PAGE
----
@@ -Lines: 58-62 changed to +Lines: 73-77 @@

- <h3>ACT 3</h3>
+ <h3><b>ACT 3</b></h3>

14. In Act 3, Scene 1, Hamlet speaks his famous "to be or not to be" soliloquy. He has already rejected suicide as un-Christian, so what exactly is the point of this speech -- what does he admit? Does that admission entirely account for his failure to act so far? Explain.

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- 16. In Act 3, Scene 2, why should there be a "dumb show" preceding the main play The Murder of Gonzago (or, in Hamlet's revision, The Mouse Trap)? Why would this representational doubling up be the most effective way to "catch the conscience of the king"? Why does Hamlet need this confirmation anyhow? (You may want to refer to the end of Act 2, scene 2 for Hamlet's explanation.)
+ 16. In Act 3, Scene 2, why should there be a "dumb show" preceding the main play <i>The Murder of Gonzago</i> (or, in Hamlet's revision, <i>The Mouse Trap</i>)? Why would this representational doubling up be the most effective way to "catch the conscience of the king"? Why does Hamlet need this confirmation anyhow? (You may want to refer to the end of Act 2, scene 2 for Hamlet's explanation.)


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- <h3>ACT 4</h3>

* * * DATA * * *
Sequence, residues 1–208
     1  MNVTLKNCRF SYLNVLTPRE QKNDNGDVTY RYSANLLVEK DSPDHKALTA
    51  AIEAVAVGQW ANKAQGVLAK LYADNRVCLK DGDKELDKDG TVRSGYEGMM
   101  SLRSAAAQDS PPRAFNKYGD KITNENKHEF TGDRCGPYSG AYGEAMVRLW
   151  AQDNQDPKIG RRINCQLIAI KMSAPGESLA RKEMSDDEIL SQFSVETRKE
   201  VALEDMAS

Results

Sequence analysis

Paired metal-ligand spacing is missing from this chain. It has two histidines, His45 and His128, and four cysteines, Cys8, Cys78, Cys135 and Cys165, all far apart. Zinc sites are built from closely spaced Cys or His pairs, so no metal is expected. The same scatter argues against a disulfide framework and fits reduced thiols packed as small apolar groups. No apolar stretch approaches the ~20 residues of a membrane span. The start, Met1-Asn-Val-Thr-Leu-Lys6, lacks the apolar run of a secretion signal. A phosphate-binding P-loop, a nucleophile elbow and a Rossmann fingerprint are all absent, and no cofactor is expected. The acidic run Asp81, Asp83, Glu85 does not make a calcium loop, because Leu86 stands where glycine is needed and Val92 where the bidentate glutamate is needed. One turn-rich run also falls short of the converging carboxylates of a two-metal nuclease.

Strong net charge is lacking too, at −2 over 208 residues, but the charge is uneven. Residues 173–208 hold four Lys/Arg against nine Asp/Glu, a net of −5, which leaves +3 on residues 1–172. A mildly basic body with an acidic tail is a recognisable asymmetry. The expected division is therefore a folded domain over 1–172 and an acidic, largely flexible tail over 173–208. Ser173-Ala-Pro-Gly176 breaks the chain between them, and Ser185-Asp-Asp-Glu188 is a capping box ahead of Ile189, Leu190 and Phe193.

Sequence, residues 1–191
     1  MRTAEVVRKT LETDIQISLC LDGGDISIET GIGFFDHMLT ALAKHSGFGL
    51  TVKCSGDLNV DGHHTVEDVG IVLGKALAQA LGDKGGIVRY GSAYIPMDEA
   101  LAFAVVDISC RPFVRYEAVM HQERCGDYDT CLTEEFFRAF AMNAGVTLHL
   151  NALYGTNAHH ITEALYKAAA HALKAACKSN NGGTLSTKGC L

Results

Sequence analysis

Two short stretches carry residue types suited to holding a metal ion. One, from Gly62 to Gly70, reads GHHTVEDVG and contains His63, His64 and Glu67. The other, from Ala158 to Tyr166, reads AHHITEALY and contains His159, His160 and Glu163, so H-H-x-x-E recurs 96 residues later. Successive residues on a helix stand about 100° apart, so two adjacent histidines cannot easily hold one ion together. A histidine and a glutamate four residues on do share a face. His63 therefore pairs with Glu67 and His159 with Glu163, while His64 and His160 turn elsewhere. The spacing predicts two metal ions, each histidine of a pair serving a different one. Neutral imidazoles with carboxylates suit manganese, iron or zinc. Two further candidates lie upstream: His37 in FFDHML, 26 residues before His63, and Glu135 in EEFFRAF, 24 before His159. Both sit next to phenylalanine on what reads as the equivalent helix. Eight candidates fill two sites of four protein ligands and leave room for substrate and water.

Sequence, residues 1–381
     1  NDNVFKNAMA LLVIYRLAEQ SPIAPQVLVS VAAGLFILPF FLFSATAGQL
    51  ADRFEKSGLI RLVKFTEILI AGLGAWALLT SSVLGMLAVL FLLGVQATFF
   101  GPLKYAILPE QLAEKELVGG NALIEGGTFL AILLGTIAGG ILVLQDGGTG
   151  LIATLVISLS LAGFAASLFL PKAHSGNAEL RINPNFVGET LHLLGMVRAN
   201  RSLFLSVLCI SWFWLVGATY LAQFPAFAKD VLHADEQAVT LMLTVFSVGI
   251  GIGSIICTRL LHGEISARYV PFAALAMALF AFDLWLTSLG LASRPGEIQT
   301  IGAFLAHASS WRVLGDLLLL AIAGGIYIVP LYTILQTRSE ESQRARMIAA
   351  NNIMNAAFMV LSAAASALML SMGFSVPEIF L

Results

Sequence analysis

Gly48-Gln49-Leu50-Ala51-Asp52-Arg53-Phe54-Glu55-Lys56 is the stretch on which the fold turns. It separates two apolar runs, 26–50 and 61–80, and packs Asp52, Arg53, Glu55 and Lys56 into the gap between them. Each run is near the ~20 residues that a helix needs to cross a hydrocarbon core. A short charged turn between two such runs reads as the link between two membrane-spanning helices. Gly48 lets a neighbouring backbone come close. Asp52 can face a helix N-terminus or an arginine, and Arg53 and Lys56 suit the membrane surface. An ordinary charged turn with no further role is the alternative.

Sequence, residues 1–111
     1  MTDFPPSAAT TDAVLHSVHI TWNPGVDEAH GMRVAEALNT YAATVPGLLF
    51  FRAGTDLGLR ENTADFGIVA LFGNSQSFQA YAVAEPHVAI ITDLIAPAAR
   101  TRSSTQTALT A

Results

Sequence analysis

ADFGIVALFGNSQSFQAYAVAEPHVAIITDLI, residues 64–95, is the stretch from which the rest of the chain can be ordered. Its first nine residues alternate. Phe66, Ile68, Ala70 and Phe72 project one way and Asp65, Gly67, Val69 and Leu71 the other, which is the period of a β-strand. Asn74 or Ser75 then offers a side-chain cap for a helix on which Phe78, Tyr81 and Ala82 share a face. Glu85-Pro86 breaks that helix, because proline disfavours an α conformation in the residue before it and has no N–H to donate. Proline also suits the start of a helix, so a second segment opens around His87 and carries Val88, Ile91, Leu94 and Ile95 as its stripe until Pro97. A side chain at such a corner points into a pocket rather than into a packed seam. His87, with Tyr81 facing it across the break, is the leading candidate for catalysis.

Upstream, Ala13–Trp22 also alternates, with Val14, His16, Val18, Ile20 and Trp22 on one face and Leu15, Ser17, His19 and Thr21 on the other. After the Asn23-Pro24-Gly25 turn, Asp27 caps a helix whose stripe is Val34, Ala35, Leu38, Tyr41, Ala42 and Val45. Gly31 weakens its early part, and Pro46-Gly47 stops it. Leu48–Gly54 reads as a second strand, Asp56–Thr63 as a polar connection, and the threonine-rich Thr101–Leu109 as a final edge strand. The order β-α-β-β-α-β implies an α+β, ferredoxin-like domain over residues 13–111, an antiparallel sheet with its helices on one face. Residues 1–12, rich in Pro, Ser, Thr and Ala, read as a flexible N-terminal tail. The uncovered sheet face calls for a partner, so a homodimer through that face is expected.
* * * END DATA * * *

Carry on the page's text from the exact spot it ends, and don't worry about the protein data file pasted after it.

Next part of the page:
+ <h3><b>ACT 4</b></h3>

20. In Act 4, Scenes 1-4, Claudius deals with the aftermath of Polonius' death, sending Hamlet off to England with a sealed death sentence. In scene 4, Hamlet catches sight of Fortinbras' troops on their way to war in Poland. What insight does Hamlet gather from this incident -- is the resolution he draws from it convincing, or unconvincing? Explain.

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- <h3>ACT 5</h3>
+ <h3><b>ACT 5</b></h3>
- 23. In Act 5, Scene 1, Hamlet, having made his escape at sea and been set ashore by pirates, now joins Horatio in an extended and partly comic confrontation with a punctilious gravedigger ("First Clown") and several visual reminders of death (memento mori). In what sense does this scene advance the play's action -- at least indirectly -- rather than just amounting to comic relief? What insight does Hamlet draw from talking to the gravedigger, meditating upon the skull of "poor Yorick," etc?